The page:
What I question is whether this natural skill is one that we pop out of the womb with, or if it's something we develop fairly early, when our childish scribbles get praised by the adults around us, and this encouragement makes us eager to learn how to "see" compositions, and how form and empty space, and light and shadow interact. After that, moving to a camera is just like trying a new instrument when we already have a good grasp of music.

    Who knows? Can anyone say for sure? And while we're asking unanswerable questions: How many angels can dance on the head of a pin? ;)
     
  8. TonyTurley

    TonyTurley TalkEmount Hall of Famer

    Apr 24, 2013
    West Virginia, USA
    +1

    I do think art is about perception almost as much as it is technical skill. There was a certain now-deceased actor who took up painting, and made quite a bit of money selling his paintings. I've seen some of the paintings, and I didn't think they were very good from a technical standpoint. On the other hand, as I mentioned on the other thread, an in-law looked at my "Ordinary Things" photos and said "yuck", although several of you liked them. As I tell my children often, much of life is about personal preference. If I can look at a scene, frame it to get what I want from it, and adjust the camera settings to get the most from the scene, I'm happy.

    Tony
     
  9. ChangshaNotes

    ChangshaNotes Super Moderator

    Aug 15, 2012
    China
    Colin
    I believe there are people who are born with natural ability. Probably a lot more than we would notice. After all, if they never pick up a camera, how would we know? Even if they did, having the 'eye' and capturing what they see is not the same thing. What if they didn't even like photography?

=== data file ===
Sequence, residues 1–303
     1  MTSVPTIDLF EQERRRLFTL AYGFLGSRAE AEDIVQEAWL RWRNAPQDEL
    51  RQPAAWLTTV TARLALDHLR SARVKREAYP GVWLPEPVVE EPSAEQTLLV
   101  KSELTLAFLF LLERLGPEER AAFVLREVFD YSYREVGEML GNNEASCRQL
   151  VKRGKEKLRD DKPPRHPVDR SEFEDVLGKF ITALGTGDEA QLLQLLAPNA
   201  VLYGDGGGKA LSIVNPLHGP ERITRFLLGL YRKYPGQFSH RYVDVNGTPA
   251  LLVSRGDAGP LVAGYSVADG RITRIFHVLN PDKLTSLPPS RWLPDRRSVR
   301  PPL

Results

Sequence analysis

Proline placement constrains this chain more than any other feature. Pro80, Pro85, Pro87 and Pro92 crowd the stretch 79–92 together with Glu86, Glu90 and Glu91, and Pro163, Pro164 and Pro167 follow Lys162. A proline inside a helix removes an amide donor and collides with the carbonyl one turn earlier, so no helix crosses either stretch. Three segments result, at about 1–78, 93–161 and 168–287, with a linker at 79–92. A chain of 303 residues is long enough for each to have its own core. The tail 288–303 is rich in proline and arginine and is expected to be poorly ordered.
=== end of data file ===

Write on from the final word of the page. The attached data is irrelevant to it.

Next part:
But I also believe you can develop it. I know that as I go about my daily life now, I see the world around me differently than a year ago. I notice things I never would have before. That's not to say, it would make a good photo even if I could capture it but by seeing things differently there is some kind of development going on.

    I think street photography is great for this kind of development. It's photography of opportunity and that trains the eye.

    I have often read that to make a good photographs, you should shoot what you love. I don't know if I agree with that at least from the aspect of learning. It seems to me that when I take photos of the people I love, I focus too much on the subject and miss other elements that might be detrimental to the photograph. This is another reason I think street is good for developing an 'eye'. The people are just part of the scene, I don't really care about them except for how they impact my photograph.
     
  10. Bimjo

    Bimjo Super Moderator

    Oct 28, 2011
    Washington State
    Jim
    That's because you take those different pics for different reasons. Whether subconsciously or not, your street shots are taken for "art", your shots shots of loved ones are just that- love. Doesn't matter about weird stuff in the frame 30 years from now, it's the people you'll see. ;)
     
  11. ChangshaNotes

    ChangshaNotes Super Moderator

    Aug 15, 2012
    China
    Colin